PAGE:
- Author of Waller's manuscript rewarded for helping feds (1/13/18)
- Police: Man dies from self-inflicted gunshot after standoff in south Cape (1/14/18)3
- MCA calls for protection of those found not guilty of animal abuse (1/10/18)2
- Scaling up: Long John Silver's adding an A&W (1/10/18)3
- Southeast to cut workforce to meet budget needs caused by state cuts (1/10/18)7
- Word to your superintendent: Glass rocks Vanilla Ice parody to announce cancellation (1/13/18)2
- Business Notebook: New rooftop restaurant to be atop Marquette Tower (1/8/18)2
- Jackson Area Chamber of Commerce recognizes commitment to community at annual awards banquet (1/13/18)
- Church, businesses set up pop-up homeless shelter as winter storm approaches (1/12/18)1
- Plaintiffs' attorney wants jury to see basement steps at Cape courthouse (1/10/18)
Nation briefs 1/5/04
Fed: Conditions ripe to keep interest rates low
WASHINGTON -- With inflation tame and the fragile job market healing, the Federal Reserve has room to hold a main short-term interest rate near rock-bottom levels for some time, a Fed policy-maker said Sunday. The federal funds rate, the Fed's main lever for influencing economic activity, now stands at 1 percent, a 45-year low. The funds rate is the interest banks charge each other for overnight loans. Although many economists agree that the Fed will hold the funds rate steady Jan. 27 and 28, its first meeting of the year, they differ on the future course of interest rate policy.
New Jersey second state to OK stem cell research
WEST ORANGE, N.J. -- New Jersey became the second state to allow stem cell research on Sunday as Gov. James E. McGreevey signed a law he said will "move the frontiers of science forward." Stem cell research, which has been strongly opposed by anti-abortion groups and the Roman Catholic church because it involves the use of fetal and embryonic tissue, is also permitted in California and bills are pending in Illinois and New York. McGreevey was joined Sunday by Christopher Reeve, the actor who was paralyzed by a 1995 fall from a horse and has become an advocate for increased funding for medical research.
Lionel Tate agrees to plea to second-degree murder
MIAMI -- A teenager whose life sentence for beating a 6-year-old playmate to death was thrown out signed documents Sunday pleading guilty to second-degree murder in a deal that could get him out of prison as early as this month. Lionel Tate, 16, signed the papers at a maximum security juvenile prison in Okeechobee, where he is being held for the 1999 death of Tiffany Eunick. Tate was 12 when he punched, kicked and stomped the 48-pound girl to death. His first-degree murder conviction and life sentence were overturned last month, and prosecutors offered the same plea deal Tate and his mother declined before trial. In the deal, Tate would be sentenced to three years in prison -- most of which he has already served -- plus one year of house arrest and 10 years probation.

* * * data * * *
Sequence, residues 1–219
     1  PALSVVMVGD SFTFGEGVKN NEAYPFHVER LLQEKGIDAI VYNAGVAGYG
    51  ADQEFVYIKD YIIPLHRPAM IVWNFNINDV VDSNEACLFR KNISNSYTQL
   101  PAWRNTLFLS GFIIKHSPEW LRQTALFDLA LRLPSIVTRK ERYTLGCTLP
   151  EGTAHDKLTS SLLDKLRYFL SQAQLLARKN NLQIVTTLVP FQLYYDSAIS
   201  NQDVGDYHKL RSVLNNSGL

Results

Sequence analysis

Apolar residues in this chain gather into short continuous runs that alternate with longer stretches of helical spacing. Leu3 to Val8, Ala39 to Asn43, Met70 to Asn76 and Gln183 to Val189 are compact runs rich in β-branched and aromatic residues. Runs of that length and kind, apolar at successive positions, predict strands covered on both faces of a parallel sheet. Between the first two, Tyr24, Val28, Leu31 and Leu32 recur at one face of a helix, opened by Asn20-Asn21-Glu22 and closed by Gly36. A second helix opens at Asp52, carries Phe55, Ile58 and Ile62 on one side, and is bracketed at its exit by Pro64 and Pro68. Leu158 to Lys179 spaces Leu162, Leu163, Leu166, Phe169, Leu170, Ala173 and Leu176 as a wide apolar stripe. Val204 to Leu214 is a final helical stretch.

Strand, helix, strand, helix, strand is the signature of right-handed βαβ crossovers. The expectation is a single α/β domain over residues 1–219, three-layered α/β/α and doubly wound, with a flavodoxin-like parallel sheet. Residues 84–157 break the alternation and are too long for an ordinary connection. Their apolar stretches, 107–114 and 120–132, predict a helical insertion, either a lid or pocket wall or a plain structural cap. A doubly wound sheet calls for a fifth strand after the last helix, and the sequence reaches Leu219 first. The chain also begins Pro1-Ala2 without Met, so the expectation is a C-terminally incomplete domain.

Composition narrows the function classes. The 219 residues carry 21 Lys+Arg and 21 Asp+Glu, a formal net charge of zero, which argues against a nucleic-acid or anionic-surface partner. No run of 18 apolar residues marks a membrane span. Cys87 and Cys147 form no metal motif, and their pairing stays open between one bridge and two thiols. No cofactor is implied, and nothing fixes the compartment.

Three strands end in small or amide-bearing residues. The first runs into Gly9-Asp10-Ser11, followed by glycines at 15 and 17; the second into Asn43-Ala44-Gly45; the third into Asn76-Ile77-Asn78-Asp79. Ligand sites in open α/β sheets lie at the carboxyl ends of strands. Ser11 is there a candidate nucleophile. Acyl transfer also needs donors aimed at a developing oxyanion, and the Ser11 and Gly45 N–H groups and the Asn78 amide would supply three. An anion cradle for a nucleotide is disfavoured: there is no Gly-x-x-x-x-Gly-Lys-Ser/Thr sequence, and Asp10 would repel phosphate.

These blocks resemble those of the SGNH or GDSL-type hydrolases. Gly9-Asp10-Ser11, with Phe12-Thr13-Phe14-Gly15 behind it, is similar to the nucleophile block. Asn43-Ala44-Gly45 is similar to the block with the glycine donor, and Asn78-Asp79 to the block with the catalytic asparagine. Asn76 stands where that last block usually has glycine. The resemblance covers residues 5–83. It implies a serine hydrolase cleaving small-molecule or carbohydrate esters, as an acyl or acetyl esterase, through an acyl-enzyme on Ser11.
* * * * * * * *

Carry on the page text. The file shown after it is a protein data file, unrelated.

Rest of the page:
Jackson could charge jury selection unconstitutional
LOS ANGELES -- When the law speaks of defendants being entitled to a jury of their peers, it's obvious no one contemplated Michael Jackson's place in the justice system. The millionaire pop music star, who is charged with committing lewd acts on a child, is in a class of his own. But should his lawyer decide to challenge Santa Barbara County's jury-selection process as skewed against him, it would be possible to do so on one issue: whether it systematically excludes racial minorities. That issue already has been a subject of legal challenges in Santa Barbara County.
Dioceses implementing abuse prevention plan
The president of the U.S. Conference of Catholic Bishops says an upcoming report on whether dioceses are implementing a mandatory discipline plan for sexually abusive priests will show "the bishops have kept our word" to punish offenders and protect children. The audit found that dioceses "are either in full compliance or in the process of working toward compliance," Bishop Wilton Gregory said in an interview broadcast Sunday on ABC News' "This Week with George Stephanopoulos." But he also said some of the 195 dioceses did not participate in the review.
Missing skier found alive after four days in snow
SEATTLE -- A skier missing for four days and four freezing nights in the central Cascade Mountains was found alive but hypothermic Sunday after rescuers spotted his fresh tracks by helicopter. Scores of people had been looking for Dan Witkowski, 25, of Ellensburg, since he was reported missing Thursday. Witkowski had failed to meet up with friends Wednesday and his car was found parked at the Alpental ski area in Snoqualmie Pass, off Interstate 90. About a foot of snow fell in the area Saturday, but searchers found intermittent ski and boot tracks in the new snow Sunday.
-- From wire reports